No, no, no! You can’t start the story that way. That’s the most overused line in all of story telling. Please! If I had a dollar for every time someone started a tale with “once upon a time” I wouldn’t be here right now. I’d be on some beach somewhere with a nice cold lemonade, watching the sun set over the ocean. Or maybe Vegas.


JARVIS

I beg your pardon, but who are you?


GLORIA

The narrator, of course, duh! Why else do you think I’m out here on the stage even before the curtain has gone up? My name’s Gloria! Hi! (holds out hand to JARVIS)


JARVIS

(shakes her hand briefly) Jarvis, nice to meet... wait, did you say you were the narrator?

I’m afraid you are mistaken. I am the narrator for this story.


GLORIA

Well, apparently you got replaced. And with openers like that, it’s no wonder.


JARVIS

Once upon a time is not overused. It is classic. This is a fairy tale, therefore it is perfectly appropriate to use it at the beginning.


GLORIA

Yeah, whatever. If you want to stay stuck in the 1600’s then by all means, just keep going.


JARVIS

And I suppose you have a better idea.


GLORIA

Ding, ding, ding! We have a winner folks! That’s why I’m here.

(turns to audience)

Folks, today we plan to take you where no one has gone before. We’re going to seek out new plot lines and new character developments. To boldly...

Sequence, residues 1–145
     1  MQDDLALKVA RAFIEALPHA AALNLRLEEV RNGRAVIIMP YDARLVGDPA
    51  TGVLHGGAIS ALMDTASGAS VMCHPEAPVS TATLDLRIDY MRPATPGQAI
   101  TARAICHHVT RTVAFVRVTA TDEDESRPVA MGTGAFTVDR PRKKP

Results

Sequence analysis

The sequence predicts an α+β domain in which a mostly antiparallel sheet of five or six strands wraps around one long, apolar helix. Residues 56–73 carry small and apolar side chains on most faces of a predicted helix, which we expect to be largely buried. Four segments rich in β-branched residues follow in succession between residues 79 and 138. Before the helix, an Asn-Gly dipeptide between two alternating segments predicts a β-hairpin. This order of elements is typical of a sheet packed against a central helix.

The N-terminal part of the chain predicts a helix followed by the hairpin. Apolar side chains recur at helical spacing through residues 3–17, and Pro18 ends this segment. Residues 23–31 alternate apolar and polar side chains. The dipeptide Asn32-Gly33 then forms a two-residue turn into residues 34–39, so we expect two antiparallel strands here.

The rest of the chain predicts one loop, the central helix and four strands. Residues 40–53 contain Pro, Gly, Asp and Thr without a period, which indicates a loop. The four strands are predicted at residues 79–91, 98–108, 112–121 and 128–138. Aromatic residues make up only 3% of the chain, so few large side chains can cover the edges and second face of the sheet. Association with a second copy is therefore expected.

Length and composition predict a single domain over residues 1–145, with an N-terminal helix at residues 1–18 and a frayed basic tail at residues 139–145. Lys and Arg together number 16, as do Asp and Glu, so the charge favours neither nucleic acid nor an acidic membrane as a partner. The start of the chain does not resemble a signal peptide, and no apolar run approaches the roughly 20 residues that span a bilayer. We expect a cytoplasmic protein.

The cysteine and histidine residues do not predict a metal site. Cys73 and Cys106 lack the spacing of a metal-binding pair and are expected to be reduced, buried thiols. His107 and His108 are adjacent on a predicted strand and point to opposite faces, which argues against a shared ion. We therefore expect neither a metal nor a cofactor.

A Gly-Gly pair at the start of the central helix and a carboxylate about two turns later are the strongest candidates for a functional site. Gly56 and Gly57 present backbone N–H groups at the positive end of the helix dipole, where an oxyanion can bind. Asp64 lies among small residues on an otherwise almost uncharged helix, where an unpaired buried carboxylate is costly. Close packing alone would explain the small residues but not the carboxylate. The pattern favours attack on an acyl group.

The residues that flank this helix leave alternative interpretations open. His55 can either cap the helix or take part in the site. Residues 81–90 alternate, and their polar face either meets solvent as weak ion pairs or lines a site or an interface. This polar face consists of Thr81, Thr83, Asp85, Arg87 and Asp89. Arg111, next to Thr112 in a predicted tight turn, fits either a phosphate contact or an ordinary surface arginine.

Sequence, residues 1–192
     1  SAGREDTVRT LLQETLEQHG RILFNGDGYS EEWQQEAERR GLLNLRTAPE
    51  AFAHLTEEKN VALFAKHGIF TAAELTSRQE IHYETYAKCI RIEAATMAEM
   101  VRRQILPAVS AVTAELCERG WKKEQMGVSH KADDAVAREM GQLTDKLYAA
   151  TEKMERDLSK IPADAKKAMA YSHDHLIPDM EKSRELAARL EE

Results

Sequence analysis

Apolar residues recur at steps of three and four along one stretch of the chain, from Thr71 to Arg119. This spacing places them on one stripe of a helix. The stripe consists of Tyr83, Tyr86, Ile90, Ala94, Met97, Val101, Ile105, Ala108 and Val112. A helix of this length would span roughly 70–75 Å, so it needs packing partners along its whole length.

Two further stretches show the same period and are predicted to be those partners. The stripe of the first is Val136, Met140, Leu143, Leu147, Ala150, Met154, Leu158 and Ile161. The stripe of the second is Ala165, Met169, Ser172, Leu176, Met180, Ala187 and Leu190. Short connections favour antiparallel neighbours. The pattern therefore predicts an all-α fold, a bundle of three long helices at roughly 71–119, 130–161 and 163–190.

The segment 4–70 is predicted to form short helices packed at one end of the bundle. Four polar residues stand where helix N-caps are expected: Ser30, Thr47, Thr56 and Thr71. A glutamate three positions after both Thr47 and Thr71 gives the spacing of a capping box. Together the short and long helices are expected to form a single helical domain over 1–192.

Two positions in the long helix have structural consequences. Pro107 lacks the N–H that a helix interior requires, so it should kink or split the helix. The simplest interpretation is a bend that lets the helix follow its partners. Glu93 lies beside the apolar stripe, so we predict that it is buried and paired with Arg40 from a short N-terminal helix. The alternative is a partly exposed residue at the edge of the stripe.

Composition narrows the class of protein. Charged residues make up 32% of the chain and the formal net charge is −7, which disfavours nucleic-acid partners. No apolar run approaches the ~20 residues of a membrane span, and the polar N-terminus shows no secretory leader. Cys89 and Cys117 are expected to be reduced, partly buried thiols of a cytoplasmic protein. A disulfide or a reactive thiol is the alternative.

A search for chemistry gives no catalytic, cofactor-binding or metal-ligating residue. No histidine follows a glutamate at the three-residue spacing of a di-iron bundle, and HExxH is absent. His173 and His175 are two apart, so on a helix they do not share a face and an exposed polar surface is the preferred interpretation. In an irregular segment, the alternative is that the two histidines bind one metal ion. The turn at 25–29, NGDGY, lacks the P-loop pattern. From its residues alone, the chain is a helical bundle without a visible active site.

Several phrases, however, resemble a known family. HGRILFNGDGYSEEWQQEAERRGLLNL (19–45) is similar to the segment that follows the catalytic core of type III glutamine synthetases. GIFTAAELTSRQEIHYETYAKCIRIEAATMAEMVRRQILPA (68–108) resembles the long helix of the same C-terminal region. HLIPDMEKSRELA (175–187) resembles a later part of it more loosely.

JARVIS

You might want to stop there. You’re bordering on copyright infringement.


GLORIA

Well, look who swallowed a dictionary. Fine, do it your way.

(exits)


JARVIS

(clearing throat)

Ladies and gentlemen, boys and girls, forgive the interruption and let us begin again.

Once upon a time, in a far away land...


GLORIA

(reentering)

Is it always in a far away land?


JARVIS

What?


GLORIA

Well, it usually says in a far away land. How come none of them take place right here in our back yard? I mean, this is an interesting place. Why can’t the story take place here? And what does “far away land” mean? Is it just a way of telling everyone that stories like this don’t actually happen, so don’t get your hopes up. Cause that’s pretty depressing. I can’t believe you would crush little children’s hopes and dreams that way. Look at this crowd! They’re nearly crying from disappointment.